Flying Challenge Cup Winners Emerge at Oshkosh

Three fliers take top spots in sim challenge.

Flying Challenge Cup Winners

Flying Challenge Cup Winners

Flying Challenge Cup winners with Mike Goulian and Robert Goyer.

The 12 finalists of the inaugural Flying Challenge Cup took the stage at Oshkosh AirVenture show-center Wednesday morning to compete for the three top spots in the stick-and-rudder skills competition.

The Cup, which kicked off at Sun 'n Fun earlier this year, put aviation enthusiasts around the world to the test as they flew demanding scenarios on a Redbird Trace simulator that evaluated their pilot prowess and scored them accordingly. Participants from several countries and 32 different states took part in the Challenge, and the top four performers from each of the categories — licensed pilots, student pilots and non-pilots — won a free trip to Oshkosh to compete for first place in their respective groups.

The finalists come from a wide range of backgrounds, some with decades of aviation experience and others with just a couple of hours in the sim. They each took their turn in the Redbird sim in front of the crowds at EAA AirVenture's Boeing Plaza Wednesday morning to perform the final simulation challenge — which included a short-field takeoff, a steep turn and a spot landing — that would determine the three winners. AirVenture attendees got the chance to watch the pilot's sim session live on the big screen as aerobatic pilot Mike Goulian (who will also be featured in an upcoming Flying Is… video) and EAA's Hal Bryan moderated their progress on stage.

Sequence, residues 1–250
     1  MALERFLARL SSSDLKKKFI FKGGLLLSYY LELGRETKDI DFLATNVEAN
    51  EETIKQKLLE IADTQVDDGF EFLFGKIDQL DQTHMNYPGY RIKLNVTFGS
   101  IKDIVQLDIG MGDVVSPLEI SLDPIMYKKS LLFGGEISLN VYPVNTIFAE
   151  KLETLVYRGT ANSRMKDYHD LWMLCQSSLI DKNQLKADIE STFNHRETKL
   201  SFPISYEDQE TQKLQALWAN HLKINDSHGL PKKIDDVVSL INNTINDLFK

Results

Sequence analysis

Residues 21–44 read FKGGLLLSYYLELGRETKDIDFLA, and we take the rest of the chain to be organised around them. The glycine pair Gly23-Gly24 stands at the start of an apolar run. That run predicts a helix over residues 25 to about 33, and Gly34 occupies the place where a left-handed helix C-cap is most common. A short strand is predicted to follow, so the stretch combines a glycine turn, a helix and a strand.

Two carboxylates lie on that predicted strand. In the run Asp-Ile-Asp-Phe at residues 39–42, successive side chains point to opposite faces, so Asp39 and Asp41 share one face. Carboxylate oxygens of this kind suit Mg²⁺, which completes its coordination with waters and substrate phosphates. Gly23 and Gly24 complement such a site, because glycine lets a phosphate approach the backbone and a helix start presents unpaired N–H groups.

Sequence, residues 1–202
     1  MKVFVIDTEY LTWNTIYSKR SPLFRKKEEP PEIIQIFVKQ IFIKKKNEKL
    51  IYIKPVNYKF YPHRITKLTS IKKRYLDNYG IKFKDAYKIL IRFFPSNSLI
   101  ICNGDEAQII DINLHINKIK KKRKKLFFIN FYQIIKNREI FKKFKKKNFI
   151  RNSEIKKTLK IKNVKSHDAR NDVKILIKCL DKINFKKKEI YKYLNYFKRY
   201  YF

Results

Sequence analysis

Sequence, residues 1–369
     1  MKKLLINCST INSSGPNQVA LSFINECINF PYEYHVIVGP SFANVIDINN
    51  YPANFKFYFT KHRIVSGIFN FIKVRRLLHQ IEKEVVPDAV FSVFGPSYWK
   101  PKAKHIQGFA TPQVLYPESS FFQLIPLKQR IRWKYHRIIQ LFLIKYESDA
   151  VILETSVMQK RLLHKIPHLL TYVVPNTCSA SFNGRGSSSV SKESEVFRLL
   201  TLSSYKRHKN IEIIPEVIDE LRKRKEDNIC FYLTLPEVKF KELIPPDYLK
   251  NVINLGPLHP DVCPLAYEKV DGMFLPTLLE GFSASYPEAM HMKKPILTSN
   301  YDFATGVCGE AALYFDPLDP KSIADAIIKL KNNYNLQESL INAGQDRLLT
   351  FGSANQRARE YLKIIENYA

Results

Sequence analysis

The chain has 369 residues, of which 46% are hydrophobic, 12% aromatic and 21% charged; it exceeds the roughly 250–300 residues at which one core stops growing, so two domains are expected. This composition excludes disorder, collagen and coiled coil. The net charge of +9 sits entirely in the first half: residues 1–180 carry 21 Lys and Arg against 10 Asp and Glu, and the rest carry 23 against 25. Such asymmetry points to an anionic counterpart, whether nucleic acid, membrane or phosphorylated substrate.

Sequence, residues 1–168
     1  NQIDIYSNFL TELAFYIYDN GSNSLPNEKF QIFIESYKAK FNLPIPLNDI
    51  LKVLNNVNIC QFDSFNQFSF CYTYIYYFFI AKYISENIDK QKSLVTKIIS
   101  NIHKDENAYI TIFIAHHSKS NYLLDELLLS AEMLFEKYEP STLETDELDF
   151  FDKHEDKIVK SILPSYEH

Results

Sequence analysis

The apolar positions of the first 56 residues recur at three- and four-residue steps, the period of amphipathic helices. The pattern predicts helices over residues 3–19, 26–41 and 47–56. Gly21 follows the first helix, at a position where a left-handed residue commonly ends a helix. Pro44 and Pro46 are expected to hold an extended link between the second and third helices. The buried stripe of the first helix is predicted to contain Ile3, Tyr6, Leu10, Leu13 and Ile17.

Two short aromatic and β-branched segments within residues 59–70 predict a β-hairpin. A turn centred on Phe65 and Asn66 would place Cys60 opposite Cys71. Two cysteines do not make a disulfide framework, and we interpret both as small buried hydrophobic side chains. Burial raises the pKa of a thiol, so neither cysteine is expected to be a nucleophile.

Participants could earn a score of up to 10,000 points during the final challenge, and the competition remained tight throughout the event, with several contestants scoring within just a few dozen points of one another. Nonetheless three clear winners emerged. Patrick Webb took home the Cup in the pilot category thanks to his score of 9,660; Kevin Sandoval won the Cup in the student pilot category with a score of 9,645; and Matthew Smith claimed the Cup in the non-pilot category with a score of 9,452.

Webb, a private pilot with 120 hours, made a few dozen attempts at the original sim challenges to win his spot as a finalist. He told Flying he has wanted to go to Oshkosh for years, and after seeing the Cup featured in the magazine decided to take his shot. He says the Challenge provided him with his first experience in spin training, and that he plans to continue sim training as he works on achieving his next goal in aviation, obtaining his instrument rating.

Sandoval qualified as a finalist for the Cup in the student pilot category but went on to achieve his license before attending today's final competition. The 22-year-old from Charleston, South Carolina, says he plans to enter the military and hopes to fly cargo planes for the Air Force.

Smith, 19, will enter Western Michigan University this fall and plans on majoring in aviation flight science to prepare for a career as a corporate or airline pilot. He credits his win today to his focus on sticking the landing, and says that he practiced the sim scenario so much that by the time he took the seat behind the controls today it was all muscle memory.

In addition to the Flying Challenge Cup trophy, the three winners are taking home a Lightspeed headset and will get the opportunity to fly with the Aeroshell Aerobatic Team here at Oshkosh. All of the finalists were awarded the new D2 pilot watch from Garmin.

Look out for news in Flying on next year's challenge, which will kick off in April 2015.

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